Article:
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allow unions to include interfaces and unions

At a glance


Complements #939 Addresses #711

Similar to #939, this PR expands the robustness of the type system by allowing types that actually fulfill interfaces to be recognized as such by the GraphQL type system.

interface CloningInfo {

union CowOrWolf implements Animal = Cow | Wolf # allowed by #939
union CowOrCloningInfo = Cow | CloningInfo # allowed by this PR, note that CloningInfo is an interface
union WolfOrCloningInfo = Wolf | CloningInfo # allowed by this PR, note that CloningInfo is an interface

# note that here we are marking unions explicitly as included within a union.
# Adding a type to the CowOrWolf union will automatically add it to the ParentUnion
# We could also consider adding a constraint on the union definition, see below discussion
union Parent = CowOrCloningInfo | WolfOrCloningInfo | CowOrWolf | Cow | Wolf | CloningInfo

interface Animal {
parent: Parent

type Cow implements Animal {
parent: CowOrCloningInfo # unlocked by this PR

type Wolf implements Animal{
parent: WolfOrCloningInfo # unlocked by this PR


With regard to unions, the goal is to explicitly mark some unions as members of other unions. We have two alternatives:

(A). Let unions include unions as members, as shown above. We could (or could not) require​ that all members of the unions also be listed (similar to how interfaces implementing child interfaces are required to explicitly list the parent.


  1. Simple to reason about, fits with how unions currently work. Con:
  2. Could lead to some automatic behavior, when adding a type to a union that is part of a union, the type gets added to multiple unions. This is ameliorated by requiring all child union members to be explicitly listed.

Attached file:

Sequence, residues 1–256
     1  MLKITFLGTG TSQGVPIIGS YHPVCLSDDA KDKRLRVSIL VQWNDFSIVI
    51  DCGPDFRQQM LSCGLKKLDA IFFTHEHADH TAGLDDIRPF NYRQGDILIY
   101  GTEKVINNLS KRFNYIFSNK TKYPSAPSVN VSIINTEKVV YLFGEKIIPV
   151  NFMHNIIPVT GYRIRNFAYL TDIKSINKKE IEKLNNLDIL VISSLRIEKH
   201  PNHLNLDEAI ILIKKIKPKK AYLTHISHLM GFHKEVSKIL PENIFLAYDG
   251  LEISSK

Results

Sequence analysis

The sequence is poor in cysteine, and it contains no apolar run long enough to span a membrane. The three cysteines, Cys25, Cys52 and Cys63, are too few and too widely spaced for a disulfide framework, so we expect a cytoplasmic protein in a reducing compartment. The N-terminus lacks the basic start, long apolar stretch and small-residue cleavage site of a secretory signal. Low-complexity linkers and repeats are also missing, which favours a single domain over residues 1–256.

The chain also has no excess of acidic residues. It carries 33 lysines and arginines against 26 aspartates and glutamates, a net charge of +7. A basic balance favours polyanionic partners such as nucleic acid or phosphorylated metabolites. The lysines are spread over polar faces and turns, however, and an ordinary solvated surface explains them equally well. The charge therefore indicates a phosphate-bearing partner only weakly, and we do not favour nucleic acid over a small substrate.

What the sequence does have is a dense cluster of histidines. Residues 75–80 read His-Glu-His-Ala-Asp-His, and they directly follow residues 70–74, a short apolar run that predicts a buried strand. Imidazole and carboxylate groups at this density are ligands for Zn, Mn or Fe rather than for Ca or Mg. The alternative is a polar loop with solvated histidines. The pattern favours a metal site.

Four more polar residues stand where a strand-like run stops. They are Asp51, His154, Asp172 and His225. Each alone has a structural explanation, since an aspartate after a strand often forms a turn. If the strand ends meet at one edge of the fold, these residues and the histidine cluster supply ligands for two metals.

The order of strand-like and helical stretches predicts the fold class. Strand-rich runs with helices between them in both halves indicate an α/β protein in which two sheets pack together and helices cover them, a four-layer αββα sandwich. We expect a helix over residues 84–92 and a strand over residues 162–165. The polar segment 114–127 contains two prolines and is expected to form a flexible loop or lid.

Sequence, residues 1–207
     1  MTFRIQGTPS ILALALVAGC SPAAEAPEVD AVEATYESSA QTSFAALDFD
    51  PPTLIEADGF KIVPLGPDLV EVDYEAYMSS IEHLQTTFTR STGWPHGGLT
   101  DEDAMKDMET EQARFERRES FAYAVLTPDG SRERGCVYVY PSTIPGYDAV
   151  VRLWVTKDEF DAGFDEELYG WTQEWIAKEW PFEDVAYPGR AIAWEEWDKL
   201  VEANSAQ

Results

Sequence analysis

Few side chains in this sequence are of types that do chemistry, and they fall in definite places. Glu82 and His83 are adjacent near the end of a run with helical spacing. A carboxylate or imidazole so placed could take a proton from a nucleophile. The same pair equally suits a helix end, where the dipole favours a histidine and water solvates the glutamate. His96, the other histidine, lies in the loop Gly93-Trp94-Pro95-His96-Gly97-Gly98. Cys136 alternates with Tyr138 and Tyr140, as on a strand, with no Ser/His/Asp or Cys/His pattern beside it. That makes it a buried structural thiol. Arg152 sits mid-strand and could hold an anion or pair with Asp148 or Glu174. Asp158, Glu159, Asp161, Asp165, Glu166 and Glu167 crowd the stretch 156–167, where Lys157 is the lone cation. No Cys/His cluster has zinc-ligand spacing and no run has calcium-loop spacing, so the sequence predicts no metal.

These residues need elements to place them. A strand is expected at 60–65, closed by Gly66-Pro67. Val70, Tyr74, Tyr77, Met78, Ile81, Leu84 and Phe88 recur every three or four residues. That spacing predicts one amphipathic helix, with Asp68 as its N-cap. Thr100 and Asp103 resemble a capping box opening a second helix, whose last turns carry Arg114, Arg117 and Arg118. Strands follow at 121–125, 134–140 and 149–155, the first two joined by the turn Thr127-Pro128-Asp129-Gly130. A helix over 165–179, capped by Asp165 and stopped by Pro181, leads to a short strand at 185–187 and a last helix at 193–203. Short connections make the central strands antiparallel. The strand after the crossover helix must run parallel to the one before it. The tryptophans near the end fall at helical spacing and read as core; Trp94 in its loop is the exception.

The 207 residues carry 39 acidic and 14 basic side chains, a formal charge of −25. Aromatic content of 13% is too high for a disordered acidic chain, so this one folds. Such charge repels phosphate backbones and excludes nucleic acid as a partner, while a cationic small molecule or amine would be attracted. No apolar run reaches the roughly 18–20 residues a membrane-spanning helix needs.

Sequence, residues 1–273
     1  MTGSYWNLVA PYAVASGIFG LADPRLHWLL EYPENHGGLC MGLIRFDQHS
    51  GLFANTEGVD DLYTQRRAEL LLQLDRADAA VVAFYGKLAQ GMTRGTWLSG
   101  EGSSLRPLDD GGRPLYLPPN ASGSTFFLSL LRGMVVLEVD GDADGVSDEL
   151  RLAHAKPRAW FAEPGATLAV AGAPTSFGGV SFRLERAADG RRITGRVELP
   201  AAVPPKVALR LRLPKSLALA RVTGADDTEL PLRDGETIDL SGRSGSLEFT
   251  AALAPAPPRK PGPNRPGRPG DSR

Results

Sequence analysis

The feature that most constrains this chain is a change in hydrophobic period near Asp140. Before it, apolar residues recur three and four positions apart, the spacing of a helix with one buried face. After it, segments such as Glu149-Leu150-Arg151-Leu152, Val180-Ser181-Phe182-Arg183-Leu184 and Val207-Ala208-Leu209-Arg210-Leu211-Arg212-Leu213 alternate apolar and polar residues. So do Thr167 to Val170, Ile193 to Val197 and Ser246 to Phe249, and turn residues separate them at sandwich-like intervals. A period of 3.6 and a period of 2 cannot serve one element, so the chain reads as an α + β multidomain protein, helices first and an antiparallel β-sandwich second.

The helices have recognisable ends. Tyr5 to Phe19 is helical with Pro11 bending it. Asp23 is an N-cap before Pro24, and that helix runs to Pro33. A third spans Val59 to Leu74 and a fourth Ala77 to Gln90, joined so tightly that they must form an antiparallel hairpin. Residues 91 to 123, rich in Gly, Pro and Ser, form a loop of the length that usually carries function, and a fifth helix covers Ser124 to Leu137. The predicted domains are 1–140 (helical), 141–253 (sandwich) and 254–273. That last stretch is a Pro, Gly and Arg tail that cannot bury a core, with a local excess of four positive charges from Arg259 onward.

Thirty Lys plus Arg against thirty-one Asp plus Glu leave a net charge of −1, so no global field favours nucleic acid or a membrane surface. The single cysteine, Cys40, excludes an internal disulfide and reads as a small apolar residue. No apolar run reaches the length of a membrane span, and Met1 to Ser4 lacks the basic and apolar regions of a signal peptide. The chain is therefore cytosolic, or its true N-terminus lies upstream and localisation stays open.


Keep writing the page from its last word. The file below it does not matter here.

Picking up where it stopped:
3. Union definitions could start to get pretty long if all the combinations must be listed therein.

(B) Add an additional optional constraint on the union requiring all of the members to be members of some other union, similar to how we have resolved #939.

Potential Syntax:

union CowOrWolf implements Animal, subtypes Parent = Cow | Wolf 
union CowOrCloningInfo subtypes Parent = Cow | CloningInfo
union WolfOrCloningInfo subtypes Parent = Wolf | CloningInfo

union Parent = Cow | Wolf | CloningInfo
# cf
# union Parent = CowOrCloningInfo | WolfOrCloningInfo | CowOrWolf | Cow | Wolf | CloningInfo


For interfaces that are members of unions, it would not seem to make sense to require​ all the implementations of the interfaces to be listed independently. The whole point is that it is often just as useful to indicate that several interfaces might be returned as it is that several individual member types might be returned. For unions, we also have potentially multiple layers of nesting (unions of unions of unions) for which it would be extremely helpful to require​ the individual member types to be listed (or to use the second syntax above) while we don't have the same issue with interfaces.